And now for my second complaint which might be a small nitpick: what is up with Duke Thomas, really? I don't want to jump into the bandwagon of Not Giving New Characters A Chance, but what has he done to deserve such a crucial role for the Rebirth Batman storyline anyway? I don't think he has earned his place beside Batman nor has he really grown and developed into a character I can honestly say is one I will actively root for from this point on. Correct me if I'm wrong but was he also the one who helped Bruce Wayne remember who he was back in Superheavy arc when his entire identity had been erased? How the hell did a complete stranger manage to do that? I might be misremembering a few details because I've been away for so long, but Duke Thomas certainly left no impression on me while I was reading Endgame or Bloom. But he's here now and I just have to get on with it? Look, all we're told is that he's just a good kid who is capable of becoming a part of Batman's crusade, and yet the readers are not shown as to WHY and HOW that is the case. He just shows up in Rebirth issue one day and accepts Batman's offer to become 'something better' than Robin. Excuse me, but what in the name of Mary Poppins' frock does that even mean, 'something better'?
First of all, that's very rude and an outright disservice for what all each Robin stood for as Batman's partner that went beyond being his underage sidekick. I know Duke Thomas must soon play an important role later on since all this hype about his character makes me believe that this will be the case, but can we all calm the fuck down and desist telling readers so early that he is 'something better' than Robin? That's a shitty thing to say about a character who has been a part of the Batman mythos for a very long time. I also don't think Snyder is giving his original character a fair fighting chance to prove himself as one day becoming awesome with his own making by just declaring him as someone above the Robin title already. Let Duke Thomas grow and develop as a hero I want to root for, much like Peter J. Tomasi did when he wrote Damian Wayne.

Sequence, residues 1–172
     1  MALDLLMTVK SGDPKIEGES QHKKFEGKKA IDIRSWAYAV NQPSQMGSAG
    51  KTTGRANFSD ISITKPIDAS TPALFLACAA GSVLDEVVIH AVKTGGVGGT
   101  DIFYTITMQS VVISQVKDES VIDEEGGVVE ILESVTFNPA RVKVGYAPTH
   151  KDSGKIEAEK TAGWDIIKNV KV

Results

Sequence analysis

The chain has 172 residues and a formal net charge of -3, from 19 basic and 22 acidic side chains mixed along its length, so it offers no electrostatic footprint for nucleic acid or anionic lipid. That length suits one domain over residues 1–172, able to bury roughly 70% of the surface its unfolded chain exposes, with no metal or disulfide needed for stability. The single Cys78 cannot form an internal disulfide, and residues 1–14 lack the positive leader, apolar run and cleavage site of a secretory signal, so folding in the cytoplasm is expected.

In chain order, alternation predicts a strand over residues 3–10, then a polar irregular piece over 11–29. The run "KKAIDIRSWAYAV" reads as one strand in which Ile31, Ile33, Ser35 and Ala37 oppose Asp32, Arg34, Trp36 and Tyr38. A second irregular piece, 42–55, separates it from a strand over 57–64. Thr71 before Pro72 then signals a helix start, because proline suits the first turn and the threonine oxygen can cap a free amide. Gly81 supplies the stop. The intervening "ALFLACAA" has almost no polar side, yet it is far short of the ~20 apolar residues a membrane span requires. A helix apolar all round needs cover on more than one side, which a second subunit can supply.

And yes, I still maintain that I am a Snyder loyalist but the biggest fan can also be the harshest critic. That's how much Scott Snyder as a Batman writer means so much to me; I truly want him to give his best for a character like Batman who deserves it the most, and so I would point out things I feel he must work on to improve his story for All Star Batman. I only want him to succeed.
There's also a backup story called The Cursed Wheel whose pencils and colors I actually prefer more than Romita Jr.'s work, surprisingly enough. I don't have much to say about this story yet since it's in its initial stages, and also because Duke Thomas is here again and I'm still pretty salty about this character for now. Anyway, I have only the highest hopes for All Star Batman. There are weaknesses here to overcome for the narrative's approach but I can't wait to read more of the next issues to see how Snyder will improve upon this debut issue. I'm certain he has more surprises up his sleeve! Like a chainsaw-wielding Batsy!